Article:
Most of our past projects have involved at least some software cleanup work such as removing old, unused code and comments which make the code hard to read, as well as correcting problems with the software which cause software tools (compiler, linker, lint, etc.) to give warnings about possible source code problems. Often refactoring (restructuring the code) of at least part of the software is also necessary in order to make it feasible to add new features to the code as well.
Software usually deteriorates over the years as maintenance work is done on it. This deterioration is a result of quick, poorly thought out modifications made to deal with a problem or add a new feature, and the cumulative effect of many years of quick fixes and new features is that the code becomes progressively worse and harder to maintain, it is very difficult to read, understand, or modify, so costs go up, and new features take longer to implement. This deterioration is not inevitable, if you have good developers and reasonable schedules, your software will actually get progressively better with each passing year and take progressively less time to maintain. Over the long haul, it is always cheaper (in development costs) to ignore the schedule and do each fix/feature the right way rather than the quick way.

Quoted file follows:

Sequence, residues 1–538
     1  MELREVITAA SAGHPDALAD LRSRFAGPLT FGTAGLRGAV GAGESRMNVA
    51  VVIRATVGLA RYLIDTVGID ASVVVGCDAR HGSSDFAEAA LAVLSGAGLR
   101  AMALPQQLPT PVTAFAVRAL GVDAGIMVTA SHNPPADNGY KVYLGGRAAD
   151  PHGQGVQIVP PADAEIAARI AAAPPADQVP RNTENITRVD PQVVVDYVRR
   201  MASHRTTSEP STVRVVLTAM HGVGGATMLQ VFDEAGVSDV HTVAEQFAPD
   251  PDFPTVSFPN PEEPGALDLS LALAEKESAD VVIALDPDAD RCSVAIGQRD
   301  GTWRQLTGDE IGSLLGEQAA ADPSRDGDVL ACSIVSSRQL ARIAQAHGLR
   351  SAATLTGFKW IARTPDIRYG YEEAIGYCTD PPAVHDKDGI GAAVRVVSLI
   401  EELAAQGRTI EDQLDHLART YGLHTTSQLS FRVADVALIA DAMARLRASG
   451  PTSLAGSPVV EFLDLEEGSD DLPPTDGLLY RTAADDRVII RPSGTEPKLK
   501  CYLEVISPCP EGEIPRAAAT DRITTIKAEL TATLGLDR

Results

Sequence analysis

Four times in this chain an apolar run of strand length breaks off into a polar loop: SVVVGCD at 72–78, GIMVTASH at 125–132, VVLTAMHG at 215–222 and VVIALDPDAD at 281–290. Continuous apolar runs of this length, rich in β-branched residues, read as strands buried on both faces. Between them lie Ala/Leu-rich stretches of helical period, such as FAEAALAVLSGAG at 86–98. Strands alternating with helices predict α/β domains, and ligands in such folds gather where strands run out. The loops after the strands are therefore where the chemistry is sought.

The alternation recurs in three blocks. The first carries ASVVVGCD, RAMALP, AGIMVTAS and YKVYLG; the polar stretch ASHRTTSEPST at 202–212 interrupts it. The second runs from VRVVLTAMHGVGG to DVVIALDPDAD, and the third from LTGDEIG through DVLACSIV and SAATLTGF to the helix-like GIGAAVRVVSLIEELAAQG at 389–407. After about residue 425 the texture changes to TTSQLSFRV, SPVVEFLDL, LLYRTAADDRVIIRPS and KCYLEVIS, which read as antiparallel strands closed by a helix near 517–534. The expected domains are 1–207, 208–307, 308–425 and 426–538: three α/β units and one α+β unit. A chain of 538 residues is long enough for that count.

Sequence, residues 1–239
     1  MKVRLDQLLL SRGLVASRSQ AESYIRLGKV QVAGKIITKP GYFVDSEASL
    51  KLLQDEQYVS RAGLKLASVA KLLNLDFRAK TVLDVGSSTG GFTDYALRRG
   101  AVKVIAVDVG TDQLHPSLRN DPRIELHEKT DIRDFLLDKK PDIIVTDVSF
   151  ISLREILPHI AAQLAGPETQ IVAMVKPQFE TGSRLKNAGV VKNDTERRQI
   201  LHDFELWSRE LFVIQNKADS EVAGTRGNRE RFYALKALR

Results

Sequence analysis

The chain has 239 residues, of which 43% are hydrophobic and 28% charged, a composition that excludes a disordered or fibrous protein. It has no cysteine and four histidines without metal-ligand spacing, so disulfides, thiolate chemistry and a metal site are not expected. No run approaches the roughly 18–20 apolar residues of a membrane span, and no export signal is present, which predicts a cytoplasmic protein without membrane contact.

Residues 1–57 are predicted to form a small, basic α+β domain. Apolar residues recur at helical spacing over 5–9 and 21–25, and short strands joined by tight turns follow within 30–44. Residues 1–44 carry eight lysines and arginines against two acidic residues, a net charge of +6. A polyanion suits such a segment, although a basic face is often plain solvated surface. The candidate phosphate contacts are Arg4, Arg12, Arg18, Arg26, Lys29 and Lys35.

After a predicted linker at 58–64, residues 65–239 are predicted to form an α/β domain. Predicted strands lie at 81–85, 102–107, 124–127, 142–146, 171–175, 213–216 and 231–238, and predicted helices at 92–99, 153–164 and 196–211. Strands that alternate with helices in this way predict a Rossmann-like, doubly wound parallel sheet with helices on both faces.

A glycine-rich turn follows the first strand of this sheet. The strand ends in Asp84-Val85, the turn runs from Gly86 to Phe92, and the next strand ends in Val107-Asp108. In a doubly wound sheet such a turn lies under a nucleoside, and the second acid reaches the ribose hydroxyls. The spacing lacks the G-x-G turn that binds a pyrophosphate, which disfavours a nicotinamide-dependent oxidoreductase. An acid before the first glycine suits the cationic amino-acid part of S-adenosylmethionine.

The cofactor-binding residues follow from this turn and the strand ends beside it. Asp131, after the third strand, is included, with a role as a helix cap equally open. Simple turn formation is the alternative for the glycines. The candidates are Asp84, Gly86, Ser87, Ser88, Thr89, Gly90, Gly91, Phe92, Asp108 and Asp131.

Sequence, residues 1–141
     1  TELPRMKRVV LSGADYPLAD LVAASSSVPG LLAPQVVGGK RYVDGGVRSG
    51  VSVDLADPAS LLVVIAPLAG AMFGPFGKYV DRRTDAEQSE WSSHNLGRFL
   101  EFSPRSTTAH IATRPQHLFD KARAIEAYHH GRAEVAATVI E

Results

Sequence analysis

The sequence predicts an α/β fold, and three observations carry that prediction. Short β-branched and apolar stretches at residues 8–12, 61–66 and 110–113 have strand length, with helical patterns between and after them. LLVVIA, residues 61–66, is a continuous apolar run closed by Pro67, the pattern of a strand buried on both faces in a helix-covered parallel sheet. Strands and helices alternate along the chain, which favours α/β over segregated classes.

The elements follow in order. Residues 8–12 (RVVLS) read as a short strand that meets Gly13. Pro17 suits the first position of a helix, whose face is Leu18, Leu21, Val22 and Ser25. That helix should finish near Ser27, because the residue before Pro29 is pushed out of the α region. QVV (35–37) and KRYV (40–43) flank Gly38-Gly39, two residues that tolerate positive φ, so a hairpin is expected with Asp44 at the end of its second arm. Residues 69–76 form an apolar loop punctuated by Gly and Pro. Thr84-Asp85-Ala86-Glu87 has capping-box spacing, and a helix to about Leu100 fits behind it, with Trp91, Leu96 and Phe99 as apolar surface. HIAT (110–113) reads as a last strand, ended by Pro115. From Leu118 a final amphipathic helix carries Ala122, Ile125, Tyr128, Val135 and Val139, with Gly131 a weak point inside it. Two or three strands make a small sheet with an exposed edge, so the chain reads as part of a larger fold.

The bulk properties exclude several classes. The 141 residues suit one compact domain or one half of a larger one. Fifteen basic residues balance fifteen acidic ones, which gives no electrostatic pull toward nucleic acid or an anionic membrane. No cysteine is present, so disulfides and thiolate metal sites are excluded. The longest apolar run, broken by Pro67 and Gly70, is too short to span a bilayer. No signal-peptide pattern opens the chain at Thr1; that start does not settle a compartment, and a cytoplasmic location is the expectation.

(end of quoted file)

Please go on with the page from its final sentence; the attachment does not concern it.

What do you do if your code is already a mess? Hire DeaTech Research to clean it up of course :-) We have a great deal of experience in this area, from minor cleanups so that we can add new features or fix bugs in customer software, to major cleanups where that was the primary reason we were hired to work on the code. Clean software is usually shorter, has fewer bugs and is easier to read and modify (the number of bugs in a piece of software is normally directly proportional to the size of the source code, so shorter is usually better). Our experience has been (in every project to date) that after we have cleaned up the code it runs considerably faster and uses far less memory as well. In past projects we have (depending on the project) managed to: reduce source code size by up to 70%, memory consumption by over 50% and increase performance by over an order of magnitude.
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